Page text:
on the page magazine

issue no. 6, winter 2001–2002


Surviving the High-Speed Road to Happiness

L. Ron Hubbard's tips for success in the real world

Ever wonder why you're not as rich, successful, and happy as you should be? Maybe you've even blamed yourself. Well, don't. Chances are your failures are someone else's fault. Sloppy co-workers, friends with bad breath, incompetent spouses, communists, and crazy people....These folks clutter the highway to happiness and sabotage your efforts to succeed.

The Way to Happiness: A Common Sense Guide to Better Living (Bridge Publications, Inc., 1989), written by L. Ron Hubbard, offers methods to safeguard your survival and success. While only a thorough reading does the work justice, I think we can all use a few tips for travelling the High-Speed Road to Happiness, so I've gathered some highlights from the "first nonreligious moral code based wholly on common sense."

~ Vera Djordjevich

Trying to live in a high-speed world with low-speed people is not very safe.
  • If one does not survive1, no joy and no happiness are obtainable.

         1. survival: the act of remaining alive, of continuing to exist, of being alive.
  • [A] person's general failure to get proper rest can make him or her a burden to others....Just when you need them they can dump the whole workload on one.
  • If one brushed one's teeth after every meal, it has been said that one would not suffer tooth decay. This, or chewing gum after each meal, goes far toward defending others from oral diseases and bad breath.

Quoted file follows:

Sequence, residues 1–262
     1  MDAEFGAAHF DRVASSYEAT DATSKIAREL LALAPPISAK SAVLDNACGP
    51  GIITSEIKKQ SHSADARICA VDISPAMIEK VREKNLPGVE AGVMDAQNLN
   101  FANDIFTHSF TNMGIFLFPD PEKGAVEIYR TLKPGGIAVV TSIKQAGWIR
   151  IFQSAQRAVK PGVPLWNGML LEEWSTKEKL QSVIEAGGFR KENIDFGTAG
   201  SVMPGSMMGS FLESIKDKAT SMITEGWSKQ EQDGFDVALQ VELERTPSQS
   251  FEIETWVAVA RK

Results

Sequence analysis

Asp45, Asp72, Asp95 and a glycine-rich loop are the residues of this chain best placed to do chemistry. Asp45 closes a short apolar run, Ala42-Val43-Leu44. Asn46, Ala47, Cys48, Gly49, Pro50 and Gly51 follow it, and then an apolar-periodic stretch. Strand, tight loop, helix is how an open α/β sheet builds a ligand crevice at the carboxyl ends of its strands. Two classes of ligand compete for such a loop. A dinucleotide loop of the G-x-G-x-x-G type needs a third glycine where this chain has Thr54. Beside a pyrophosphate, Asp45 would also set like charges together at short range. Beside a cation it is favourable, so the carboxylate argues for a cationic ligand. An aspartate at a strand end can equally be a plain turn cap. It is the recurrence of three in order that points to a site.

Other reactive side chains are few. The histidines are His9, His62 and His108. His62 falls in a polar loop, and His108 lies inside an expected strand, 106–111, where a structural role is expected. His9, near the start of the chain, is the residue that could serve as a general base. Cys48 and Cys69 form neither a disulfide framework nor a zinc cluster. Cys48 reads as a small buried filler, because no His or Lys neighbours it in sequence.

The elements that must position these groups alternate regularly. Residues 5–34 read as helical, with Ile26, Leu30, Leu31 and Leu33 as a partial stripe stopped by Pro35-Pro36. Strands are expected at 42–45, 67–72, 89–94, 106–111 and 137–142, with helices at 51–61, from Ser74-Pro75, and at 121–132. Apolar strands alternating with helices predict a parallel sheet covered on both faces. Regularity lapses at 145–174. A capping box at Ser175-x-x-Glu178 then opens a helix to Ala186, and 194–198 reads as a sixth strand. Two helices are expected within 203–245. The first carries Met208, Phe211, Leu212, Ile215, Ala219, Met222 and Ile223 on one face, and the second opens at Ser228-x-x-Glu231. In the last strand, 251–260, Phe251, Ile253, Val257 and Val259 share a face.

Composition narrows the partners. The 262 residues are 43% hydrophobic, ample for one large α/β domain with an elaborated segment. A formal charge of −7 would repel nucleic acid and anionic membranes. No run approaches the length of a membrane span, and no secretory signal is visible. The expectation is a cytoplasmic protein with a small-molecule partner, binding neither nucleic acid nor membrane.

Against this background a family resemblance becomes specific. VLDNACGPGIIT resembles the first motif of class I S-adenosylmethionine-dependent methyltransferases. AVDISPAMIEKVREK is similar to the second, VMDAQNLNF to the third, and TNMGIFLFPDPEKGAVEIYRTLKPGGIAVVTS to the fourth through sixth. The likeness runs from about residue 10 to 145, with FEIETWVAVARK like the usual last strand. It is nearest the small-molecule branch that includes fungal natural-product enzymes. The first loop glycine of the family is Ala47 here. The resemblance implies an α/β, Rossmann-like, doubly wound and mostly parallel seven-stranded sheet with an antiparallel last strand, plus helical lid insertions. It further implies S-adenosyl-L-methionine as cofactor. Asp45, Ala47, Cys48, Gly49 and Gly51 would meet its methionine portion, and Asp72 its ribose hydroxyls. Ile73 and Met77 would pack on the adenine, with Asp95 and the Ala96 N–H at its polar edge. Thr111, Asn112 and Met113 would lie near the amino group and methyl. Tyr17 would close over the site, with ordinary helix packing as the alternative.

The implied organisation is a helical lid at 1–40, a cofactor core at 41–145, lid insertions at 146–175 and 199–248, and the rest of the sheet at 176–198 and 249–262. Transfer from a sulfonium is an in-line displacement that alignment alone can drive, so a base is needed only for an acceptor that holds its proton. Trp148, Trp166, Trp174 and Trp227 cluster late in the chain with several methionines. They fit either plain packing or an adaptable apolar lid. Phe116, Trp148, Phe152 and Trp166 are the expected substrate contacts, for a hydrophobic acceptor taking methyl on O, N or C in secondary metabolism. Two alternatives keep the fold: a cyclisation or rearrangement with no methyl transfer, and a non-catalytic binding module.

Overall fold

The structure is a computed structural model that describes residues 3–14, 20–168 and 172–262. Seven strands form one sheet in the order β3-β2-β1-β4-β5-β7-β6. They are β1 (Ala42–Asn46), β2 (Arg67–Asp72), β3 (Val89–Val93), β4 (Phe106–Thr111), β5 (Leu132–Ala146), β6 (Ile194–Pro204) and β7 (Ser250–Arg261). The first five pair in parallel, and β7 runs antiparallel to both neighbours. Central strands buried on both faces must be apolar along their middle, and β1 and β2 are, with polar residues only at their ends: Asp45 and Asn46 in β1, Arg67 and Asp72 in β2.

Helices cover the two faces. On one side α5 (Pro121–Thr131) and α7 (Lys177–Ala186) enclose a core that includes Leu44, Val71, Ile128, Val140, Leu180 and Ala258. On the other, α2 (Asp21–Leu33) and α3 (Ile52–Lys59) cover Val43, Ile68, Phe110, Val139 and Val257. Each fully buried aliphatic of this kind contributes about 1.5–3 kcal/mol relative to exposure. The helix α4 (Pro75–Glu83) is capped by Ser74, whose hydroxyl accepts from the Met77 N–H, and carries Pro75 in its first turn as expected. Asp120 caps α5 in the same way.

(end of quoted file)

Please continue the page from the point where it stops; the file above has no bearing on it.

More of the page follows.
• Unfaithfulness on the part of a sexual partner can heavily reduce one's survival.
  • A "feeling of guilt" is nowhere near as sharp as a knife in the back or ground glass in the soup.
  • [W]hile most children are capable of great decency, a few are born insane and today, some are even born as drug addicts: but such cases are an unusual few.
  • A school is not a place where one puts children to get them out from underfoot during the day.
  • It is not a place where one manufactures parrots.
  • The way to happiness does not include murdering your friends, your family, or yourself being murdered.
  • Stealing things is really just an admission that one is not capable enough to make it honestly. Or that one has a streak of insanity. Ask a thief which one it is: it's either one or the other.
  • It is, after all, the people and their own opinion leaders who sweat and fight and bleed for their country—a government cannot bleed, it cannot even smile....
  • It sometimes does not occur to some individuals—as they do not have to spend their days looking at themselves—that they form part of the scenery and appearance of others.
  • An environment disfigured with unkempt people can have a subtle, depressing effect on one's morale.
  • While clothes can be expensive, soap and the other tools of self-care are not that hard to obtain. The techniques are sometimes difficult to dig up but can be evolved.
  • In some countries, old people, the unemployed, do not just sit around and go to pieces: they are used to care for the gardens and parks and forests, to pick up the litter and add some beauty to the world.
  • People who keep their word are trusted and admired. People who do not are regarded like garbage.
  • Not all harmful acts are reversible....Murder is such an act.
  • A person, who for one reason or another has been unable to honestly accumulate possessions, can pretend that nobody owns anything anyway. But don't try to steal his shoes!
  • Movie stunt men who don't practice first get hurt. So do housewives.
  • The new model eggbeater or washing machine, the latest year's car all demand some study and learning before they an be competently operated. When people omit it, there are accidents in the kitchen and piles of bleeding wreckage on the highways.
    final thoughts
  • True excitement, happiness and joy come from other things, not from broken lives.

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